As a recap, I shared a framework for thinking about the best and worst in our own natures -- the Primitive Mind (or ego) and the Higher Mind (or spirit) -- and why managing this duality is critical for scaling our business through the three stages of a startup journey. Then I covered how to ensure we’re helping our clients achieve an outcome with our product, and how that’s the best measure of product-market fit.
In today’s post, I’ll cover a second example of how channeling our higher nature can help us achieve Product-Market Fit in stage one of the startup journey.
Example #2: How We View Disruption
When we think about disruption, we might have a different point of view, depending on which Mind is talking.
The Primitive Mind: “We know better than the market. Let’s bring them out of the dark ages.”
The Higher Mind: “We have some good ideas, but we need to speak the market’s language.”
In the first quote, our survival instincts are fostering a feeling of superiority over our prospective clients. We fear irrelevance, so we convince ourselves that we’re better than others. Our higher nature reminds us that we may have the best technology in the world, but if the people who should ostensibly use that product don’t trust us, we won’t have a chance of disrupting that market. We need to “walk the talk” of our clients to gain their trust, so that we can learn more about their problems and find the best solution.
The Higher Mind recognizes that achieving Product-Market Fit is not just about tactically solving a problem with technology. It’s about solving a problem for particular people – people who...
Express their pain point in a particular way, using certain terms and conveying (or hiding) certain emotions.
Associate with and have trust in a particular network. They spend time with certain people at work and outside of work. Certain attributes convey to them that someone “belongs” in their profession.
Have particular values. Certain characteristics may signal “good person” to them.
Want to buy in a particular way. They may want to get on the phone with a salesperson, or not at all. They may have autonomy in buying, or they may have to get approval from a procurement team. They may want to build a relationship with you for months before considering a purchase, or they may want to get things done quickly.
Our product (and also our go-to-market strategy) have to make sense to those particular people. More fundamentally, these people need to trust us and our team as people and believe in our authenticity in solving their problems. This is one reason why VCs grade founders by the genuineness of our startup’s origin story: Do we seem like “one of them" (the community we want to serve)? Do we really “get it,” at a profound level? Are we the right person to start this company?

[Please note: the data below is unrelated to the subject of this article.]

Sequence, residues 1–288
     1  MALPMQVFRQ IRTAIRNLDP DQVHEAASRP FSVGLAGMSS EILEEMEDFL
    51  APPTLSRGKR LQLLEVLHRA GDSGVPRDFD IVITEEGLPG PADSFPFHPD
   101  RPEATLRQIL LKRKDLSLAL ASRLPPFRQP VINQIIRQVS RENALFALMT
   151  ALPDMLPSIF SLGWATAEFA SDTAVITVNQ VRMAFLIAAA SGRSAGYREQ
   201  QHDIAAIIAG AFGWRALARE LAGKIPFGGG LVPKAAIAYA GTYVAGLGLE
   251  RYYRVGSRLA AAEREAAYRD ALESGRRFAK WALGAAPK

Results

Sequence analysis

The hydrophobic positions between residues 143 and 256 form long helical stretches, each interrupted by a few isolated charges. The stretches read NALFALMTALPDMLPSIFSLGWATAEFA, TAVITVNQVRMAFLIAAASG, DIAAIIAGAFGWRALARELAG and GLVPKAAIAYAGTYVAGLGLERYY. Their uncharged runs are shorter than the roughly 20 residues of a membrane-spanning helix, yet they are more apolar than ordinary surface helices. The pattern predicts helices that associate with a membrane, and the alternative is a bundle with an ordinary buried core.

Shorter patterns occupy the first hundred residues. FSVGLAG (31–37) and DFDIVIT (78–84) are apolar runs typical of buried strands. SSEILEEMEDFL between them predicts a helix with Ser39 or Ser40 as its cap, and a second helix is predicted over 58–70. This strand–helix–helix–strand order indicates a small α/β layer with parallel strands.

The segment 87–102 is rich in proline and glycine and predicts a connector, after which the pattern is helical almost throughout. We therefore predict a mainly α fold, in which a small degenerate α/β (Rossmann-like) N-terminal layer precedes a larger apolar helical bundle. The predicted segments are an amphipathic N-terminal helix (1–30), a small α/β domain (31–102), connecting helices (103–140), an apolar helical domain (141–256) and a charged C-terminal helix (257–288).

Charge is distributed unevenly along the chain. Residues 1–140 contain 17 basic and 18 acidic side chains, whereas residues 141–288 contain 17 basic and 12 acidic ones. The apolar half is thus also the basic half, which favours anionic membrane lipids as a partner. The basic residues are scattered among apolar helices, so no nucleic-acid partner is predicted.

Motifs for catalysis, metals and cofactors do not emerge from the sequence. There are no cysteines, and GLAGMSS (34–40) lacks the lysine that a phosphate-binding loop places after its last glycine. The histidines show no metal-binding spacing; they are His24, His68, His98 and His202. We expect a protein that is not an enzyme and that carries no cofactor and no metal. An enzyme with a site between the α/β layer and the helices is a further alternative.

To be authentic, we have to be “in the thick of it.” We were able to sell software at Gainsight because customer success leaders saw that we were grappling with the same problems they were. Our CS team followed a cycle of finding an internal problem, experimenting with solutions, and posting those solutions -- as well as all the mistakes we made -- in a blog. Then we took feedback from the community and published revisions. The detail in our posts might have been excruciating to an outsider, but to a member of the CS community, it showed that we spoke their language. We “got it.” We knew their pain. This understanding made us more effective in becoming a part of (and even building) a network of CS folks. And being in that network helped us learn about their pain more and consequently build the right solutions. Being “in the mix” of the community also helped us figure out the right buying process for this group.
Likewise, clients want to see that we “get” their values. One time at Gainsight, a prospective vendor brought 8 men, 7 of them white, to a meeting with some members of our leadership team. The difference between their make-up and ours was stark. I couldn’t help but wonder if we shared the same values and, therefore, if they would be good partners to us.
When I joined Gainsight in 2013, the company was very small, and we had many competitors. Years later, in the spirit of self-reflection and never taking anything for granted, we wondered internally what exactly drove our success in becoming the market leader and dominant company in the category. Many factors likely contributed, but one reason that we found compelling was that we had better People-Market Fit than our competitors.
CS folks tend to be extroverted, social, and attentive to their relationships -- which makes sense, since CSMs spend a significant part of their day with clients. Our leaders at Gainsight tended to match the personality of the market, whereas many of our competitors were different. Some of them were focused on predicting churn through productized data science, and their founders were very technical. Churn prediction ultimately became a core part of the Gainsight product, so those other companies weren’t wrong in what they chose to build, but they may have been wrong in the order of features they launched, how exactly they built those features to map to client pain, and how they messaged the value. They didn’t quite relate to the people in the market as well as we did. With better People-Market Fit, we were able to achieve stronger Product-Market Fit.
Bottom line: In your search for Product-Market Fit, develop and validate your People-Market Fit, since it will help you build the right product.
In the next post in this series, we’ll dive into how our higher nature can give us a better perspective on our users -- and why that matters for achieving Product-Market Fit. A preview: let's get rid of the term "user"!